Seneca the Younger was an advisor to Roman Emperor Nero, a playwright and an investor; an accomplished and respected man. Yet it is his writings on Stoicism (a philosophy of life) that though written over 2000 years ago have stood the test of time.
It is Seneca’s writing on ‘Philosophy and Riches’ that I am going to introduce you to today as he questions in the pursuit of wealth, what is enough?
Seneca offers the following insights:
• Once you are ‘rich’, what next?Seneca questions in the continual pursuit of riches, what is the end that is being pursued? He articulates that if each day we are dissatisfied with our current financial position but instead expect satisfaction when we have future wealth, when will we stop? By the time that future imagined financial position comes, it will now be the present moment and there will still be further riches to strive for, resulting in a constant state of discontentment - ‘change the age in which you live and you have too much, while in every age, what is enough remains the same’.
• Acquisition of riches doesn’t relieve troubles. Seneca emphasises that acquiring more simply changes the content of the list of things to worry about, it does not eradicate the act of worrying itself - ‘The acquisition of riches has been for many men, been not an end, but a change of troubles.’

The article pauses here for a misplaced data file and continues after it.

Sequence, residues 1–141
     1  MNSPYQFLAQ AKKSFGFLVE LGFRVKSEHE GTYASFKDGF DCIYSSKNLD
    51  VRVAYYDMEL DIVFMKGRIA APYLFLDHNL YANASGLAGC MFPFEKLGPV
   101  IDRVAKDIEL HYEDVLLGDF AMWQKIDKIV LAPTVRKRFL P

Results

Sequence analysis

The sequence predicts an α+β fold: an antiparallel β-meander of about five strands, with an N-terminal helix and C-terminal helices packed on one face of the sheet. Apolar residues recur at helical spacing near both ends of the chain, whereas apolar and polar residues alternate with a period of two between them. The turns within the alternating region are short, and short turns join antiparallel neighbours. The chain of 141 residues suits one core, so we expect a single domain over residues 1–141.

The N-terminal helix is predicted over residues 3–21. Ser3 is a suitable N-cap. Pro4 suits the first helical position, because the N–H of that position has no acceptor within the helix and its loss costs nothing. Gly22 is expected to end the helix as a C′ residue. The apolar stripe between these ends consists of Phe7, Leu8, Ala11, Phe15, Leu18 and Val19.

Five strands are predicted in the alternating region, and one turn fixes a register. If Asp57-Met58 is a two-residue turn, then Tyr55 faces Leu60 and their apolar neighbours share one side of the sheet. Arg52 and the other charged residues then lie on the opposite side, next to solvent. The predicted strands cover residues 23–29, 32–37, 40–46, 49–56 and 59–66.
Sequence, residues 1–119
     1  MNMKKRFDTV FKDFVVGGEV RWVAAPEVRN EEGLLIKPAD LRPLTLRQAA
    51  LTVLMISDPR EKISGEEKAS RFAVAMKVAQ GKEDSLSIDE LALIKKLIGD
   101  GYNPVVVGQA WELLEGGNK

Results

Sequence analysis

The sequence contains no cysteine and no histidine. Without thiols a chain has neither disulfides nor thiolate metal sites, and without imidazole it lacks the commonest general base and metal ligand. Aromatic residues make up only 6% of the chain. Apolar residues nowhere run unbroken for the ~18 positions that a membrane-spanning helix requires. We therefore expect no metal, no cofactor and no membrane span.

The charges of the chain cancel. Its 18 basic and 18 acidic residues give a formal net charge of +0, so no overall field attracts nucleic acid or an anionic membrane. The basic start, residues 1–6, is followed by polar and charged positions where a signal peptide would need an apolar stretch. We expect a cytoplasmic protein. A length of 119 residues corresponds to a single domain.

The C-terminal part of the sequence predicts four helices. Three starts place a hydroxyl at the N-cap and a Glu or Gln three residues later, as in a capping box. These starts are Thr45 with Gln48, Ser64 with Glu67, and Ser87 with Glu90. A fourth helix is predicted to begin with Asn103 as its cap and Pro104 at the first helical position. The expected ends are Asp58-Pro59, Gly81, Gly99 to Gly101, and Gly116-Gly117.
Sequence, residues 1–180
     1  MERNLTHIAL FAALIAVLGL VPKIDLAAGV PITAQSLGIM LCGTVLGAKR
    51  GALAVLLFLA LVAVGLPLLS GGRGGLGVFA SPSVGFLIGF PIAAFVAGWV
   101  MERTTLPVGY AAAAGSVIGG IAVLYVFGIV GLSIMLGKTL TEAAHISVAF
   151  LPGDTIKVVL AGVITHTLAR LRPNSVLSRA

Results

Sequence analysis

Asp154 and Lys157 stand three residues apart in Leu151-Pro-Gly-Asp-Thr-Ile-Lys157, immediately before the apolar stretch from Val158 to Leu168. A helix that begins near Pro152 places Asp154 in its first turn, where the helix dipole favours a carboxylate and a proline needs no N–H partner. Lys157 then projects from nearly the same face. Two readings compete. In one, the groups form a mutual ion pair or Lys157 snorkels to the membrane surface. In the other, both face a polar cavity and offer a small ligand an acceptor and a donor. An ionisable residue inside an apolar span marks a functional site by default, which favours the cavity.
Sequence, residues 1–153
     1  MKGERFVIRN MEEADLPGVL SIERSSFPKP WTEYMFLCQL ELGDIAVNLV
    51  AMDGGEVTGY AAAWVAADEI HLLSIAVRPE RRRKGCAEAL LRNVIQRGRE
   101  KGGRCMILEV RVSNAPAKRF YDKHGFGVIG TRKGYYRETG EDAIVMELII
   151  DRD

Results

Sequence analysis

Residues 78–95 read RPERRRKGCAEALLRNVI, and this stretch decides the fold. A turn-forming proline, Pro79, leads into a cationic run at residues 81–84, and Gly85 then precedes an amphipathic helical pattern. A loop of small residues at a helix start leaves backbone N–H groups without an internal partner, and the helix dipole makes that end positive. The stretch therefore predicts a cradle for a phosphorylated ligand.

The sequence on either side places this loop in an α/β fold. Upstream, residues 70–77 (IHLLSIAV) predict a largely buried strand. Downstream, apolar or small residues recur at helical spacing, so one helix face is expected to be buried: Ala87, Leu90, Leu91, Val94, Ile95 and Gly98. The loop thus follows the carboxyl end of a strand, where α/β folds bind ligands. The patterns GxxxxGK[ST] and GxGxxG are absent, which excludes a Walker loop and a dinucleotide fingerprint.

• Each day, one doesn’t actually need that much - Seneca emphasises that an unburdened mind, with minimal anxiety is experienced by those whose seek possession of just enough, ‘nature demands but little and the wise man suits his needs to nature’.This is evermore relevant today as we are seeing a growing trend towards simplification and minimalism in 21st century society.
The resounding message Seneca leaves you with is appreciation that ‘the fault is not in the wealth, but in the mind itself, that which has made a burden to us, has made riches also a burden’. As such it is important to try and disassociate your mindset from financial circumstance, seeking to appreciate your current circumstances and enjoy what you have, resulting in happiness that is independent of whether financial possession grows or falls.
‘Why of your own accord postpone your real life to the distant future, shall you wait for some interest to fall due or for some income on your merchandise or for a place in the will of some wealthy old man, when you can be rich here and now.’
Attitude to money a complicated topic, to be interpreted each individually as we all have different responsibilities and circumstances. A simple task today is the recommendation to have a listen to Seneca’s ‘Philosophy and Riches’, one worth pondering.
Written by Emma Masding
Emma has a management consulting and creative producer background and is fascinated by philosophies of life, positive psychology and personal development. Emma is combining her interests of applying well-being theories to practical life with a love of writing to blog for Yoke
NB: All quotes are from Seneca’s Philosophy and Riches writing. To listen to an audio reading of the Philosophy and Riches, find it here on the Tim Ferriss podcast http://fourhourworkweek.com/2016/04/10/on-philosophy-and-riches/